• Tue. Nov 29th, 2022

Local author writes new guide for state birders

ByKeith M. Jones

Aug 9, 2022

Local author and ornithologist Marc Parnell has published a bird identification guide, “Birds of Arkansas,” which has been named to several Amazon bestseller lists.

The guide was published by Naturalist and Traveler Press on March 22. Parnell is the author of 41 bird identification guides covering regional birds for states and cities in North America. His book series, “The Birding Pro’s Field Guides”, includes several titles that have achieved best-selling status in several countries.

“I was originally inspired to write ‘Birds of Arkansas’ after struggling to find a birding guide to recommend to family and friends,” Parnell said. “While most field guides give information at a broader regional or continental level, ‘Birds of Arkansas’ gives specific information on the 130 most common birds in The Natural State, including monthly sighting forecasts localized for each species – a very first feature for any birding guide – projected search facility for each bird, daily behavioral logs, bird feeding information, full page color photographs and much more Again.”

When compiling the book, Parnell said his goal “was to study each bird throughout the calendar year and in a variety of habitats. It helped put me in the minds of each bird, so to speak, and also enabled me to observe and catalog a full and complete portrait of the behaviors and characteristics of each species: some of which had never been fully reported elsewhere.

As evidenced by the dozens of bird identification guides he has written, Parnell has a passion for bird watching, something he has done for over 20 years.

“Even as a young child, I was greatly influenced by the work of American naturalist Roger Tory Peterson. I received Peterson’s Field Guide to Reptiles and Amphibians from 1958 on my fourth birthday, and of what would become a lifelong passion for the outdoors,” he said.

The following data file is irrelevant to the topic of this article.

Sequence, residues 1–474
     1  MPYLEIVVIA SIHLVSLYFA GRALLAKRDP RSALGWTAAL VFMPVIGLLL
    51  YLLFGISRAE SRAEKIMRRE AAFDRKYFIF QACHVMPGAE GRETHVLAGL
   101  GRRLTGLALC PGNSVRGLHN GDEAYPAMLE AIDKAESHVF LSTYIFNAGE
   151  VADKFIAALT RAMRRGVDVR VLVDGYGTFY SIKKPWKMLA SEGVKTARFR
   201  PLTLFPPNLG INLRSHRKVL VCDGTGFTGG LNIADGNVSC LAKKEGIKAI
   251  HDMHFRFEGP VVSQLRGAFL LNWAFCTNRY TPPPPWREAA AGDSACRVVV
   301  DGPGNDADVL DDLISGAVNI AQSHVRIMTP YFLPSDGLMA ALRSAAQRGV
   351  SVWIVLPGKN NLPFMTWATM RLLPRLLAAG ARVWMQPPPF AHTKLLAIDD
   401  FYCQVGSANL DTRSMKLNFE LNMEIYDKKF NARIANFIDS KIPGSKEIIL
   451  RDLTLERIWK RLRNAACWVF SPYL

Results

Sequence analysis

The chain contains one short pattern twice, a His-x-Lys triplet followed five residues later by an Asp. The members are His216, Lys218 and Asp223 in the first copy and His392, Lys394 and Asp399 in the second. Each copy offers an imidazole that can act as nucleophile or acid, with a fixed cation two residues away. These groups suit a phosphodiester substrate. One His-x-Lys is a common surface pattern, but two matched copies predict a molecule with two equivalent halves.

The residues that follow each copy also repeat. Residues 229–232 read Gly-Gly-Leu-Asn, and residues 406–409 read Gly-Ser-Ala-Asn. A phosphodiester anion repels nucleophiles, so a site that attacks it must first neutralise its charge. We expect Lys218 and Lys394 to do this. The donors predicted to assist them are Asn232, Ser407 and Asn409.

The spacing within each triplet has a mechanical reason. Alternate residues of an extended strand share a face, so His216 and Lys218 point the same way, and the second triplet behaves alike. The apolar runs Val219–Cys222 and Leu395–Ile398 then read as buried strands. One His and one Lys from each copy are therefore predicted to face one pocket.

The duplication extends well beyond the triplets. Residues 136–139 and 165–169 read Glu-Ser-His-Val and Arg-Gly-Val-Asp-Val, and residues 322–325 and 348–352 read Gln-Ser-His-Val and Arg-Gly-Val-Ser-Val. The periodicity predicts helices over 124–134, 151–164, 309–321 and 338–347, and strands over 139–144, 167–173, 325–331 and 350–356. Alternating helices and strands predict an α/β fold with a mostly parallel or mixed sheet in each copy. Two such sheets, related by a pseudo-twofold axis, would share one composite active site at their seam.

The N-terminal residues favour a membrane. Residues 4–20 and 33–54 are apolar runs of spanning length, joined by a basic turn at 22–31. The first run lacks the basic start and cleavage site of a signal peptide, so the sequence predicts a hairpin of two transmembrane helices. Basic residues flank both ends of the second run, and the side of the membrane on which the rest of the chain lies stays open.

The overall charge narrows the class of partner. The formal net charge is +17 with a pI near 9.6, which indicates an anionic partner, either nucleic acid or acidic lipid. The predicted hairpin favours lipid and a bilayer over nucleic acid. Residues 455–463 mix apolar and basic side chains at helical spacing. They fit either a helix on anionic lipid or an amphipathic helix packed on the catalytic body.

“Birdwatching is about appreciating both the small details and the earth-shattering ones. Variations in the shape and length of a bird’s beak, for example, often tell us about the types of food it it prefers, while the width and length of its wings can dictate its habitat and foraging styles.”

Parnell’s mission is to equip the next generation of birders by providing information that is more accessible in nature to a beginner.

“Roger Tory Peterson’s original works have been so influential because they have made high-quality, easily digestible knowledge of birding accessible to the masses. Since Peterson’s death in 1996, it has almost become a arms race for many field guide authors to produce increasingly technical and scientific books, which often exclude the novice or intermediate,” he said.

“By bridging the gap between cutting-edge and affordability, I hoped to return to the original Peterson tradition, while refining and improving this formula with my own field research and the modern resources available to us today. “

Birdwatching has flourished as a hobby in recent times. While the pandemic has suppressed many pursuits and activities, it has had the opposite effect on birdwatching.

“The pandemic and its many stay-at-home orders have led to a widespread consideration of how we spend our free time. Many people have started spending more time outdoors, especially on walks: ultimately contributing to record numbers for all manners of birding-related activities.Many of my readers have also written to me that birdwatching helps them disconnect from technology in everyday life.Sometimes , it only takes a short walk or even a morning coffee in front of the feeders to feel refreshed and invigorated,” Parnell said.

For those looking to get into birding, Parnell has this advice: “For new birders, I generally recommend a good quality, state-focused field guide and a pair of binoculars. at 8x magnification highly rated (which only need to be $50 or $70 when first starting). My book, “Birds of Arkansas,” shows one to five ratings for how easily each species is found.

“My recommendation is to generally start with some of the more common species, such as those rated three and up. Birdwatching is wonderful because travel is often not even necessary. Paying attention to your journey are all good places to start, in fact, an Arkansas backyard feeding facility can easily attract more than 50 species each calendar year.

“Birds of Arkansas” can be purchased online at Amazon and Barnes & Noble.

A red-winged blackbird is depicted. Photo courtesy of Marc Parnell. – Photo submitted


A Song Sparrow is depicted. Photo courtesy of Marc Parnell. – Photo submitted